proceed to the other transactions of this day.
Second Cleansing of the Temple (Mr 11:15-18).
For the exposition of this portion, see on Lu 19:45-48.
Lessons from the Cursing of the Fig Tree
20. And in the morning—of Tuesday, the
third day of the week: He had slept, as during all this week, at
as they passed by—going into Jerusalem
they saw the fig tree dried up from the
roots—no partial blight, leaving life in the root; but it was
now dead, root and branch. In Mt 21:19 it is said it withered away as soon as
it was cursed. But the full blight had not appeared probably at once;
and in the dusk perhaps, as they returned to Bethany, they had not
observed it. The precision with which Mark distinguishes the days is
not observed by Matthew, intent only on holding up the truths which the
incident was designed to teach. In Matthew the whole is represented as
taking place at once, just as the two stages of Jairus'
daughter—dying and dead—are represented by him as one. The
only difference is between a more summary and a more detailed
narrative, each of which only confirms the other.
21. And Peter calling to remembrance saith unto
him—satisfied that a miracle so very peculiar—a
miracle, not of blessing, as all His other miracles, but of
cursing—could not have been wrought but with some higher
reference, and fully expecting to hear something weighty on the
Master, behold, the fig tree which thou cursedst
is withered away—so connecting the two things as to show that
he traced the death of the tree entirely to the curse of his Lord.
21:20) gives this simply as a
general exclamation of surprise by the disciples "how soon" the blight
had taken effect.
22. And Jesus answering saith unto them, Have
faith in God.
23. For verily I say unto you, That whosoever
shall say unto this mountain, Be thou removed … he shall have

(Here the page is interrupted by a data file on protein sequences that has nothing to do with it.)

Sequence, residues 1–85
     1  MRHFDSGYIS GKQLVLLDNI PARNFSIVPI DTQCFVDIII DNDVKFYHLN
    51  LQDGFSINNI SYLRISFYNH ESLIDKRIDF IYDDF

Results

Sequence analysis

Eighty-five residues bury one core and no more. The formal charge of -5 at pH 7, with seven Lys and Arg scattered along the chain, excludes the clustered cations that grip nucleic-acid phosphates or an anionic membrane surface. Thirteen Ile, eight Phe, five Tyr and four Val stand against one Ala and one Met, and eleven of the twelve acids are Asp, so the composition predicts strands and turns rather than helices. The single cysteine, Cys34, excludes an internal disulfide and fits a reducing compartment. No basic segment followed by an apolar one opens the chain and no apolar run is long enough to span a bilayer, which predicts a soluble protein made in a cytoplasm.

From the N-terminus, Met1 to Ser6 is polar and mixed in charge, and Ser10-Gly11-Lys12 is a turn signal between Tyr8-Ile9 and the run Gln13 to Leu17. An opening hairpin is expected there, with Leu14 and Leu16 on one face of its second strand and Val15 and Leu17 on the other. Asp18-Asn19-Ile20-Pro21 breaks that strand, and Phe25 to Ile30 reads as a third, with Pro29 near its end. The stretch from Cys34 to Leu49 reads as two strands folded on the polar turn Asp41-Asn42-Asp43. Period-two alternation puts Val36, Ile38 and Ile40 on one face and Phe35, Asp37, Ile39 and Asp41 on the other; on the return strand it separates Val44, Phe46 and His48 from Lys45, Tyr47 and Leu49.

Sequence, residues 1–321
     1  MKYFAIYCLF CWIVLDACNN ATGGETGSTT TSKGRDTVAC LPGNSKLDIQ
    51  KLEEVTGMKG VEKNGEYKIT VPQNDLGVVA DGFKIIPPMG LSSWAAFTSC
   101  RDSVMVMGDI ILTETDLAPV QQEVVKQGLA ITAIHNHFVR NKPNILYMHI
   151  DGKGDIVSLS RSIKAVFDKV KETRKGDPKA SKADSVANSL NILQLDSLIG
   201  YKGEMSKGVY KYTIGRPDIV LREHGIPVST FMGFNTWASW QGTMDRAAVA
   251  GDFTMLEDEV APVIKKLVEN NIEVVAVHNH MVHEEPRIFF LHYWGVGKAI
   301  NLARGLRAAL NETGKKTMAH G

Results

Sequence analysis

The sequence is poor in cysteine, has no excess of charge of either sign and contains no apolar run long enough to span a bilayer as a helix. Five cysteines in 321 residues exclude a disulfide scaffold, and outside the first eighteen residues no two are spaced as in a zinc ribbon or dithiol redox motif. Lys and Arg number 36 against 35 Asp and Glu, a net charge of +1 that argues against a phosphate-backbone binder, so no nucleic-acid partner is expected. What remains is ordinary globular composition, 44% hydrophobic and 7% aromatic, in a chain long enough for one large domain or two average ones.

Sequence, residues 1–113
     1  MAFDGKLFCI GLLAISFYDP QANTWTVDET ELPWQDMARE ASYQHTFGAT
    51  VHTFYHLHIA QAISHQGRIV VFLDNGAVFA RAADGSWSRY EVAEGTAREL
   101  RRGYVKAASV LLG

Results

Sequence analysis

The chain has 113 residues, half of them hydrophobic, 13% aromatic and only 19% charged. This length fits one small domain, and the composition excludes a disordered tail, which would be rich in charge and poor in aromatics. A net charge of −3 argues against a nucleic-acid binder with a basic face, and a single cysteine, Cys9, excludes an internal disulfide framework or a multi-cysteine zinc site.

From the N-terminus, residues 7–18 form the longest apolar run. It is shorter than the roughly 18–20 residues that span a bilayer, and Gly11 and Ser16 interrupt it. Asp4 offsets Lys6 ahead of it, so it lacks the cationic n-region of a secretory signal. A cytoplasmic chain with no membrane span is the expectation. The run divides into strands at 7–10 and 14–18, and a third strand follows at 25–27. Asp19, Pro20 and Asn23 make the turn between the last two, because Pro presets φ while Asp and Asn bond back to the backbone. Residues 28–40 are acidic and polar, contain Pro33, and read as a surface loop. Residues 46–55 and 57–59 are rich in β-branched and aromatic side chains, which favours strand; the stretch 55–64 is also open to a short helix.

whatsoever he saith—Here is the lesson now. From the nature
of the case supposed—that they might wish a mountain removed and
cast into the sea, a thing far removed from anything which they could
be thought actually to desire—it is plain that not physical but
moral obstacles to the progress of His kingdom were in the Redeemer's
view, and that what He designed to teach was the great lesson, that
no obstacle should be able to stand before a confiding faith in
24. Therefore I say unto you, What things soever
ye desire, when ye pray, believe that ye receive them, and ye shall
have them—This verse only generalizes the assurance of
11:23; which seems to show
that it was designed for the special encouragement of
evangelistic and missionary efforts, while this is a
directory for prevailing prayer in general.
25. And when ye stand praying, forgive, if ye have
aught against any; that your Father also which is in heaven may forgive
you your trespasses, &c.—This is repeated from the Sermon
on the Mount (see on Mt 6:12); to remind them
that if this was necessary to the acceptableness of all prayer,
much more when great things were to be asked and confidently
Mr 11:27-33. The Authority
of Jesus Questioned—His
Reply. ( = Mt 21:23-27; Lu 20:1-8).
See on Mt 21:23-27.